It’s pretty understandable why so many of us feel the need to start the day – or indeed, finish it – with a satisfying cup of coffee. Amid the rushes, stresses and strains of daily life today, we probably all feel the need for that kind of boost from time to time.
But could your routine caffeine fix also be compromising your other efforts to live healthily? In particular, much conversation has focused on the adverse effect that caffeine may have on the body’s absorption of vitamins and minerals.
Much of this centres on the mild diuretic effect that caffeine has – in other words, its tendency to cause the increased passing of urine. This, in turn, may lead to such water-soluble vitamins as B vitamins and vitamin C becoming depleted as a result of the associated fluid loss.
So, what do the studies say about such suggestions that coffee could interfere with your body’s absorption of vitamins and minerals?
Collaborative research published in the Journal of Steroid Biochemistry and Molecular Biology, undertaken at Nebraska’s Creighton University and the University of Miami in Florida, found that caffeine may, indeed, impact on vitamin D absorption.
The study’s findings indicated that caffeine lessened the expression of vitamin D receptors on the body’s osteoblasts, which are the cells that secrete the substance of bone. This research also suggested correlation between the degree of interference with vitamin D absorption and the amount of caffeine in the body.
With vitamin D, in turn, key to the body’s absorption and use of calcium for building bone, the question has been raised as to whether too much caffeine could also decrease bone mineral density, thereby heightening a coffee drinker’s risk of osteoporosis.
All seven of the B vitamins – B1 (thiamine), B2 (riboflavin), B3 (niacin), B5 (pantothenic acid), B6 (pyridoxine), B9 (folic acid) and B12 (cobalamin) – are water-soluble vitamins. At least in theory, then, they could be susceptible to being depleted easily due to the drinking of caffeine.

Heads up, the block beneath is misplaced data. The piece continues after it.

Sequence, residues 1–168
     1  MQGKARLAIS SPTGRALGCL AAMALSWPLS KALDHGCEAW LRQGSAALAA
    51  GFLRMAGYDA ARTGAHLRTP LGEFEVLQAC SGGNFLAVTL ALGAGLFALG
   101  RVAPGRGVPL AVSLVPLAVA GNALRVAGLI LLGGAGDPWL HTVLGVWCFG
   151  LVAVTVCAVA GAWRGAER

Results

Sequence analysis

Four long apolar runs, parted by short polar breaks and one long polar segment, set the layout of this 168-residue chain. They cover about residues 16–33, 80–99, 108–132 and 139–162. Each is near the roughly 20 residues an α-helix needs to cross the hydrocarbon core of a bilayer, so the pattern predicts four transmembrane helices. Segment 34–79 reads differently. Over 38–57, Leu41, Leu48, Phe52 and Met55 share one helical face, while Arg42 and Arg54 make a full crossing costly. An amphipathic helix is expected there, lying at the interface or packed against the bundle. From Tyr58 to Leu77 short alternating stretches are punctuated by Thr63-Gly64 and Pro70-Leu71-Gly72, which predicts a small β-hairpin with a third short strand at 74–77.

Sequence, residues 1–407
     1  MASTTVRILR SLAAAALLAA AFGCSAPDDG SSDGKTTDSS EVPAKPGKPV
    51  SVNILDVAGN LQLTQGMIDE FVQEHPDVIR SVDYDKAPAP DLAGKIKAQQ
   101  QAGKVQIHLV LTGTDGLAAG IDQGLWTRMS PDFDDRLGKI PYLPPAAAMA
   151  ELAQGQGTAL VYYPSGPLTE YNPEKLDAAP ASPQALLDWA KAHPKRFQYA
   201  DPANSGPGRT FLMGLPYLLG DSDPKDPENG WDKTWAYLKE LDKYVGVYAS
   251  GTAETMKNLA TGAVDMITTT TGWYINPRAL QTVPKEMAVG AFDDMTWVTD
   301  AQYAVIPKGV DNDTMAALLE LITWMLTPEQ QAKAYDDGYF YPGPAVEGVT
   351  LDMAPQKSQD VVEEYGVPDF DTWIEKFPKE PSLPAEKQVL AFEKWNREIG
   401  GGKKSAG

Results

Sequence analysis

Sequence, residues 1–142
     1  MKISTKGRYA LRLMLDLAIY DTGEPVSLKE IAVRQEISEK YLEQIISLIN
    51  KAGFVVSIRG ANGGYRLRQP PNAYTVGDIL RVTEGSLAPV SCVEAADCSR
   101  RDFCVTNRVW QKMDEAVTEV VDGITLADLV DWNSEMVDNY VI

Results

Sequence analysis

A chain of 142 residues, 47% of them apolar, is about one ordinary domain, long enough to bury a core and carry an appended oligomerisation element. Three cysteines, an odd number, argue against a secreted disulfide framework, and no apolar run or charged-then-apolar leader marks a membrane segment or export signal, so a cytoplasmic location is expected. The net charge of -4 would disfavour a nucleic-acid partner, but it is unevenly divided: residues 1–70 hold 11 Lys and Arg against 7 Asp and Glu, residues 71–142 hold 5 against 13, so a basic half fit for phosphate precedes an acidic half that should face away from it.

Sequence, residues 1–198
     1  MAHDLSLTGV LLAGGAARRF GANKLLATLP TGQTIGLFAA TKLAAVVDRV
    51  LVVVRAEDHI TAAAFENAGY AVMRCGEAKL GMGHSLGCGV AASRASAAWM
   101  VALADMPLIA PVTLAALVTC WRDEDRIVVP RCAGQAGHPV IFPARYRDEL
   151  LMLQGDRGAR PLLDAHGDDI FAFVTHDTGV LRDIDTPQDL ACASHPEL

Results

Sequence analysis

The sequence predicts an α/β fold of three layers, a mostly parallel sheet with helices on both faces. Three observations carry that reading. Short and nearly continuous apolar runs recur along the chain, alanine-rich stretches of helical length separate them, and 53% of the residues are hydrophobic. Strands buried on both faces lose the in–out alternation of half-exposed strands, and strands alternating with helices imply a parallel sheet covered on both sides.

Coffee also seems to impact on the metabolism of some B vitamins like thiamine. Vitamin B12, though, looks like being a possible exception – indeed, caffeine’s stimulation of stomach acid production may actually assist, instead of compromise, your body’s B12 absorption.
Vitamin C is another nutrient that it has been suggested isn’t the most natural bedfellow of caffeine, again thanks to the latter’s diuretic and stimulant properties.
In the case of the second of those qualities, coffee encourages muscle contractions along the digestive tract, which allows for the quicker elimination of waste. While that’s by no means necessarily a bad thing for keeping you regular, it does also run the risk of eliminating vitamins and minerals before your body has been able to fully absorb them.
So, is there an alternative option?
The good news is that on the basis of the research that has been done down the years, it seems the negative impact on vitamin absorption of coffee consumption is too modest to be of great concern to most otherwise healthy people.
If, however, you are worried about the amount of caffeine you drink potentially hampering your efforts to ensure the healthiest possible nutrient intake, you might consider ditching the most caffeinated drinks altogether, in favour of other food or drink that could give you a comparable boost.
The likes of green tea, dark chocolate, bananas, brown rice and even just good old water are all noted for the positive effects they can have on day-to-day energy and helping to combat fatigue. So, don’t assume coffee is the only option you have for putting a zip in your step on those otherwise grey and dispiriting Monday mornings!